Christmas is still three months away, but you would think it is just around the corner as retailers start to gear up for the most important shopping season of the year.
“It’s too early to predict holiday sales, but merchants are clearly stocking up,” said Jonathan Gold of the National Retail Federation.
The group tracks cargo coming to the United States from foreign ports and it expects to see a 5.1 percent increase for shipments of items to stock shelves at retailers for the holidays.
While the NRF may not be ready to make a forecast for spending, another group is suggesting sales this year are expected to climb to between $963 billion and $967 billion, an increase of 4.5 percent over the season last year.
“Rising home prices with steady job creation may buoy consumer confidence in the economy and create a wealth effect. The debt ceiling and budget debate will resume this fall alongside uncertainty about the implementation of health care reform, which may cause some concern among consumers. But at a macro level, these factors are unlikely to have a significant effect on the economy and retail sales,” said Daniel Bachman, chief U.S. economist at Deloitte.
And, as has been the case in recent years, more retailers are jumping the gun to attract shoppers. A report from ExperianMarketing Services finds 49 percent of companies plan to start their marketing activities before Halloween.
“Our consumer confidence data shows it at the highest it’s been since the recession, so we expect the early promotion trend to carry over into the holiday season, with Black Friday deals being offered even earlier than last year,” according to Bill Tancer of Experian.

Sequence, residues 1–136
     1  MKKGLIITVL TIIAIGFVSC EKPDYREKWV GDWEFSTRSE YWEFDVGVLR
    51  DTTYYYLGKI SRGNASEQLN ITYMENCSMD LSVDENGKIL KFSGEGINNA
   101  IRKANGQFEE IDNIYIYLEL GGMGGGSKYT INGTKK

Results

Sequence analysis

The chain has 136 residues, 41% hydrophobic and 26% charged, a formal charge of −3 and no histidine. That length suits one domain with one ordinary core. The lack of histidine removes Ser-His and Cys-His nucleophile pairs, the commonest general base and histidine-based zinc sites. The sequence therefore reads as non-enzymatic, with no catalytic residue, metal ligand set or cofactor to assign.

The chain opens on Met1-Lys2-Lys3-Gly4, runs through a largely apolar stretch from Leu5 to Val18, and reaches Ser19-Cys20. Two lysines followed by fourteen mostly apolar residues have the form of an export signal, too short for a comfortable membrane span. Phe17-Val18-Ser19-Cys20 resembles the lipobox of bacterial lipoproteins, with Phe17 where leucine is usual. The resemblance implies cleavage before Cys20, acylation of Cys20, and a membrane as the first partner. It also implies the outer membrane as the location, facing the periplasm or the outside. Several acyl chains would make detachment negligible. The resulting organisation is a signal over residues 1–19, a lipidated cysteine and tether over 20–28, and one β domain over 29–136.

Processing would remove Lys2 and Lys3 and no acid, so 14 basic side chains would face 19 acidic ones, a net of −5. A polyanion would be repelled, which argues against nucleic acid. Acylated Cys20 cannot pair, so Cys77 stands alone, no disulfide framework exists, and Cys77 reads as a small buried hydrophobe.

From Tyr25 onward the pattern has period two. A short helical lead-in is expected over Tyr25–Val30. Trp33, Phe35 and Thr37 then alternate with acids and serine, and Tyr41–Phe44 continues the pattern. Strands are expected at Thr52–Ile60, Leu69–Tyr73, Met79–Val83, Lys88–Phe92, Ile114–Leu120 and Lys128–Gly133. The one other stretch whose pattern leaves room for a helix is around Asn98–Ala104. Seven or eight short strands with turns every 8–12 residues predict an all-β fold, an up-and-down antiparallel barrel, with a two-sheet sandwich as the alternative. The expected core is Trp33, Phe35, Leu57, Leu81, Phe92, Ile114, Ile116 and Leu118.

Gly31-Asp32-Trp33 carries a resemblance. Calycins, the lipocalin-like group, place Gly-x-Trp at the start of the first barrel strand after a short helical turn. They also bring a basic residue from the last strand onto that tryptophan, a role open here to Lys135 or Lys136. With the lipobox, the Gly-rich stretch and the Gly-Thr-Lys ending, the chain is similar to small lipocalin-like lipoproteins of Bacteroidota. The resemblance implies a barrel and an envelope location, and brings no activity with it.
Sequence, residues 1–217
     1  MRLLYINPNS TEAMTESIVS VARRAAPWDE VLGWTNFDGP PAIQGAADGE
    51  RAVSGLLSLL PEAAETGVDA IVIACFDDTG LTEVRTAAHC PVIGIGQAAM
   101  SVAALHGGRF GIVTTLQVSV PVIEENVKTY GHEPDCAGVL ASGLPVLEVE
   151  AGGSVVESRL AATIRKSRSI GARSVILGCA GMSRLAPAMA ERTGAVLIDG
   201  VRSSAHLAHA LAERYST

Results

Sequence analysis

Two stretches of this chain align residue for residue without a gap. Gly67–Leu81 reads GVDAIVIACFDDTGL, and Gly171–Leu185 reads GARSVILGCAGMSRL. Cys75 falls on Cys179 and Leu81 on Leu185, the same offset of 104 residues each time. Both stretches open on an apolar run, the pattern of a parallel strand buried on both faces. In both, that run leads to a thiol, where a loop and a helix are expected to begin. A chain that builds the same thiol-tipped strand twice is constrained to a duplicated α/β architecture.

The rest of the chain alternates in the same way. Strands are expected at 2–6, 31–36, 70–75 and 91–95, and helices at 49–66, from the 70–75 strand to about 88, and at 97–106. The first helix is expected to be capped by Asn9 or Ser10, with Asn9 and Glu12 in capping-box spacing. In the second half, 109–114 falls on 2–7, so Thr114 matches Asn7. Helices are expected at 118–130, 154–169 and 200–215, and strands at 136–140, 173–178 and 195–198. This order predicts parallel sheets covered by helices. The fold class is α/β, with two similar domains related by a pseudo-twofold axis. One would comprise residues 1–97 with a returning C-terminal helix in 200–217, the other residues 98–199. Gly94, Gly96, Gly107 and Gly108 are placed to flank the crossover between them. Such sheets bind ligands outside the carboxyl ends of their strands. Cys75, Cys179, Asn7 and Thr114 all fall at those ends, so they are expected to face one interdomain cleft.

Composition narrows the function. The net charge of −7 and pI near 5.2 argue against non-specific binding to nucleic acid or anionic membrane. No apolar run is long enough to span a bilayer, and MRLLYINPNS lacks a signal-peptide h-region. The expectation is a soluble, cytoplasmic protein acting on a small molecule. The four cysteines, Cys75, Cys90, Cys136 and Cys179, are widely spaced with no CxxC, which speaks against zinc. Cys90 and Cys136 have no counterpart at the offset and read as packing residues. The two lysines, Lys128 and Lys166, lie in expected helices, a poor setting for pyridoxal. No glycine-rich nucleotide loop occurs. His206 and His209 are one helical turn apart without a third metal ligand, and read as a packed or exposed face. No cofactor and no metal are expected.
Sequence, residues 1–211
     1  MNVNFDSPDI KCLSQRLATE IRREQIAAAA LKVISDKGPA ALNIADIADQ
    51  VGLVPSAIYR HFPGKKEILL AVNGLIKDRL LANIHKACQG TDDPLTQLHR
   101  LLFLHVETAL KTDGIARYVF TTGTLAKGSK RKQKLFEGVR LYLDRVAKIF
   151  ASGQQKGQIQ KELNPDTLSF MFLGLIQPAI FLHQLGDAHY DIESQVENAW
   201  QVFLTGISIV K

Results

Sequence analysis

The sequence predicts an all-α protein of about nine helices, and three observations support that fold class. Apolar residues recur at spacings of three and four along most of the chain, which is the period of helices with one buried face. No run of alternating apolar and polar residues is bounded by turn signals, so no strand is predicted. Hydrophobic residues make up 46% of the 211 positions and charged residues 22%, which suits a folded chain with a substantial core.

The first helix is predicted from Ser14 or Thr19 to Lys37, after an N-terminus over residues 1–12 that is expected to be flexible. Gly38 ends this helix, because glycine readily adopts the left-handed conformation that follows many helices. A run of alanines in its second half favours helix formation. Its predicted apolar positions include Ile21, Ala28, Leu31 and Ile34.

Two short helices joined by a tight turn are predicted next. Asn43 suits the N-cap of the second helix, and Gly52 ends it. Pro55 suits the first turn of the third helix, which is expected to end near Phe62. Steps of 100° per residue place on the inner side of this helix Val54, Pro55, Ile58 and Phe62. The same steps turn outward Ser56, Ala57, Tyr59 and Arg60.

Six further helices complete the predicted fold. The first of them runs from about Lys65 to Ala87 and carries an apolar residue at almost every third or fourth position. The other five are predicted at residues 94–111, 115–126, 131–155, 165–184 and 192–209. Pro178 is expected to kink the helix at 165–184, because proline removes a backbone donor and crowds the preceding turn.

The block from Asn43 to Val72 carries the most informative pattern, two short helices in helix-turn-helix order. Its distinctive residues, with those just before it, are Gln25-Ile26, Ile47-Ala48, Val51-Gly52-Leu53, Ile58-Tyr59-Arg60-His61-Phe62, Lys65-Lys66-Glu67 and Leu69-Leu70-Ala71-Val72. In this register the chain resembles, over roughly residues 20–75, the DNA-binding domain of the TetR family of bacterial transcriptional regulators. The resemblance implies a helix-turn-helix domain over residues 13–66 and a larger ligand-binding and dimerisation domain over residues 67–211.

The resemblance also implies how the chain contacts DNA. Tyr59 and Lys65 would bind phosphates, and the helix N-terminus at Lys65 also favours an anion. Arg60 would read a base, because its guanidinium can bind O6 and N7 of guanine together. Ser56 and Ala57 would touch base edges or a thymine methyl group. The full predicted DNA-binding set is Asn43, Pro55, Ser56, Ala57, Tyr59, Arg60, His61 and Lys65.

Retailers are also seizing the opportunity to attract online shoppers where growth is significantly higher than at brick-and-mortar stores. Deloitte forecasts as much as a 13 percent increase in nonstore sales.
“Consumers using their smartphones are more likely to make a purchase compared to other shoppers in the store, indicating that these activities are contributing to sales and keeping a shopper from turning to a competitor, contrary to the concern that ‘showrooming’ and price checking could negatively affect sales,” said Deloitte’s Alison Paul.
Retailers are also getting an early start on hiring the extra staffing necessary to handle increased holiday activity in their stores as well as through distribution centers.
Walmart plans to hire 55,000 seasonal associates at the same time it moves 35,000 current workers from temporary to part-time and another 35,000 from part-time to full-time.
Kohl’s Department Stores will take on more than 50,000 seasonal workers, an average of 40 new employees for each of its 1,158 stores. And Target will bring on 70,000 seasonal staff members. The number is below last year’s holiday hiring, as employees are willing to take on additional overtime hours to meet the demand.
Bottom line, there is ample evidence consumers will look beyond the debates in Washington and make their shopping decisions based on their own personal finances, which report after report shows significant signs of improvement.